Yo Mamma's Country Cookin’ gets an enthusiastic two thumbs up from us.
We just had lunch here the other day and it these folks met all my suther’n expectations.
Co-owner Lisa Maraschiello, who hails from the hills of western North Carolina, clearly knows the ways of traditional Dixie dishes. Unlike most traditional southern staples, however, Yo Mamma's fixin's feature local ingredients and touch of Northwest flare.Homemade biscuits and gravy seemed to be the signature dish so I ordered the “Old Timer,” which was a made-from-scratch buttermilk biscuit, house ground pork shoulder, sawmill gravy with a local fried egg on top—all for $6. The gravy was fatty and delicious, not all synthetic and Sysco-y. The egg on top really pulled the dish together. Did I mention it was only $6 AMERICAN DOLLARS! It was a lot of damn food for six bucks.
My boss, in her infinite wisdom, ordered the “Mean Mother Clucker,” a spicy pretzel and pecan crusted chicken nestled inside a homemade buttermilk biscuit with local honey and green Tabasco sauce. Not as filling as my dish, but it was only $5 and boasted the same great combo of flavors, use of quality ingredients and made-from-scratch flair.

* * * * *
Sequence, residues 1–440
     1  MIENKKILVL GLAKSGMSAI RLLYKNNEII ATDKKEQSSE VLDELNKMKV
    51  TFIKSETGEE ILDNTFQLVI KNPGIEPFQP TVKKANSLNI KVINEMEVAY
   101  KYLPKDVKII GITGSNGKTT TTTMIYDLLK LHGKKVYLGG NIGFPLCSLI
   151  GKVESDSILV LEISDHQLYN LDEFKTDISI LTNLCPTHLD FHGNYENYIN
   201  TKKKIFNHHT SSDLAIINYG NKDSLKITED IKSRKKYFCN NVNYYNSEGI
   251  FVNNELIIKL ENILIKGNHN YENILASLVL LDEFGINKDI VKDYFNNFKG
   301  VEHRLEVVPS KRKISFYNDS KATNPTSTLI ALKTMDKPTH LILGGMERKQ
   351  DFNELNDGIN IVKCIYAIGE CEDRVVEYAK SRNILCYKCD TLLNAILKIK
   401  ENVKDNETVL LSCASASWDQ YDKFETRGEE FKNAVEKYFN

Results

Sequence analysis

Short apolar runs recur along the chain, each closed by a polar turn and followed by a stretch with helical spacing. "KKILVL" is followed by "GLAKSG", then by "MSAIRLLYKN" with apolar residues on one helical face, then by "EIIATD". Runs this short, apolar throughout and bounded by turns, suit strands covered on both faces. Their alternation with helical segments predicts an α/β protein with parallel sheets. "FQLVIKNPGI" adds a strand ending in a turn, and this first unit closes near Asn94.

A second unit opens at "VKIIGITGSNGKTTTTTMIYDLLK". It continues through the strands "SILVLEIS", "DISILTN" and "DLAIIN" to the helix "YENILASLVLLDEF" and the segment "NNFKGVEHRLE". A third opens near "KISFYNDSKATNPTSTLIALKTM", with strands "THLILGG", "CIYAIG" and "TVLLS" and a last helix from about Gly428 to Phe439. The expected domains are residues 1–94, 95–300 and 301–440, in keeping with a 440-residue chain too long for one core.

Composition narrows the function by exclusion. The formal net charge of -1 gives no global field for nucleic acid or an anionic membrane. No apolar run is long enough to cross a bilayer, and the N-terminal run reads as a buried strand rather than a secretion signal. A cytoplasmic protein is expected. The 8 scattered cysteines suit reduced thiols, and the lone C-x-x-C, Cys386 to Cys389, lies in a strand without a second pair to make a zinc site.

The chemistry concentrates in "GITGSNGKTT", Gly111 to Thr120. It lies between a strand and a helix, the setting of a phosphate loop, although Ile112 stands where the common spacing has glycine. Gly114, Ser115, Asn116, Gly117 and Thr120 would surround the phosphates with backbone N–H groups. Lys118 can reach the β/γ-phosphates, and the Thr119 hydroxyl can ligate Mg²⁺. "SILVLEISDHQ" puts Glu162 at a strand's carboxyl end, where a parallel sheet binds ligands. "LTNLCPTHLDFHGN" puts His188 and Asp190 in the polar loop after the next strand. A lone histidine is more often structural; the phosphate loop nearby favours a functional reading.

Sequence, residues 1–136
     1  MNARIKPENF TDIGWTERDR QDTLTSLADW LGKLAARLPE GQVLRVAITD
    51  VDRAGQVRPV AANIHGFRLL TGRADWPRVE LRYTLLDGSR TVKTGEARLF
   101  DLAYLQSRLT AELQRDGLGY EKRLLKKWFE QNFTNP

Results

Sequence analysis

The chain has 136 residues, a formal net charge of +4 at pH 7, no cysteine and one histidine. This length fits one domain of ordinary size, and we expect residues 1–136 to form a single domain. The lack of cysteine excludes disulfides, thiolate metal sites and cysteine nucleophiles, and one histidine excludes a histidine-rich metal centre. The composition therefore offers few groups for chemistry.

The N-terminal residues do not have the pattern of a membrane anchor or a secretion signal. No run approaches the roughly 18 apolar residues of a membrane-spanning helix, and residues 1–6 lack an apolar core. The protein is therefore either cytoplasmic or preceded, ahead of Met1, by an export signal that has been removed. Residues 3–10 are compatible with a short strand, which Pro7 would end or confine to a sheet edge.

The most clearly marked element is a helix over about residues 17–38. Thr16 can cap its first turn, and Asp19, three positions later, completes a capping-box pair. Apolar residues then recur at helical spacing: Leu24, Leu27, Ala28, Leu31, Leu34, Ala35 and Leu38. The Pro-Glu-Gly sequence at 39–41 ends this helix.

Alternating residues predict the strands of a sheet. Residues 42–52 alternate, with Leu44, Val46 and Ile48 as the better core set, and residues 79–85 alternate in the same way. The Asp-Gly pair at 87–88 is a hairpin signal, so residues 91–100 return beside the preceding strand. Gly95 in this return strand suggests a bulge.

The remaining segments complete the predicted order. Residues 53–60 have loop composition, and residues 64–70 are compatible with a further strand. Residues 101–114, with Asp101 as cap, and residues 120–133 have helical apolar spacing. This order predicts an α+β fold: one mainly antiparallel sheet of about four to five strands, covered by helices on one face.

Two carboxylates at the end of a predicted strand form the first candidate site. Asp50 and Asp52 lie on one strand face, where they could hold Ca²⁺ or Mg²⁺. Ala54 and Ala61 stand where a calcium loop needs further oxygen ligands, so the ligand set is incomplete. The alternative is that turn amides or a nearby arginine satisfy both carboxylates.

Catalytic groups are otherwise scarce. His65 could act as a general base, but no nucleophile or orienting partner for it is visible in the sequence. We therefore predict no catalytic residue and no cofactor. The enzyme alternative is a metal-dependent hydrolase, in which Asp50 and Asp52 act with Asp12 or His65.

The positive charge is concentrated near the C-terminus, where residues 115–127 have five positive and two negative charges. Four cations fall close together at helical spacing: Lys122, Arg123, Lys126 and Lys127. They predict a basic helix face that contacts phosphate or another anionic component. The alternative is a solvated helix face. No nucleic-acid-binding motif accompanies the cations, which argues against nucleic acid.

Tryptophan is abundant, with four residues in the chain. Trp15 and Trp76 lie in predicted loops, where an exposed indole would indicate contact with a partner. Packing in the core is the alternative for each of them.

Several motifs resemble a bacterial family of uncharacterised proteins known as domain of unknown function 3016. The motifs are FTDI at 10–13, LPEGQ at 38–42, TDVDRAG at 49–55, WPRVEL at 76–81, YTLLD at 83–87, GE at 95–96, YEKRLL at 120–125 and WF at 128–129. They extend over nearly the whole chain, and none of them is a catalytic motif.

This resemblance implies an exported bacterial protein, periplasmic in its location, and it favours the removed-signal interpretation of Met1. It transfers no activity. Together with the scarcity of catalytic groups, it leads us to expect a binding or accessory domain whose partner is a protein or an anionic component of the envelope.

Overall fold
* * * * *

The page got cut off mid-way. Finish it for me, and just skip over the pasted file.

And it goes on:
Also on the breakfast menu (served all day!) are red velvet pancakes ($6), cheese grits ($7), and, for those seeking lighter fare, a homemade granola and yogurt bowl ($6.50). Lunch highlights include a spicy meatloaf sando ($8), mac and cheese with Oregon Dungeness crab ($11.50), and shrimp and grits ($10).
Of course, sweet tea ($1) and lemonade ($2 for marionberry ‘ade) made the menu as did a Carolina Key Lime Pie ($4).
We’ll be going back. If you want some Southern comfort food in you life you can find Lisa and her bright red food trailer parked in the B.I.G.S. parking lot, 35 NW Bond St. There’s plenty of shade as well as a small brick retaining wall in front of the garden supply store that doubles as a B.I.G.S.-approved dining spot.
Find Yo Mammas on facebook at facebook.com/yomommasbend.
Photo taken by James Williams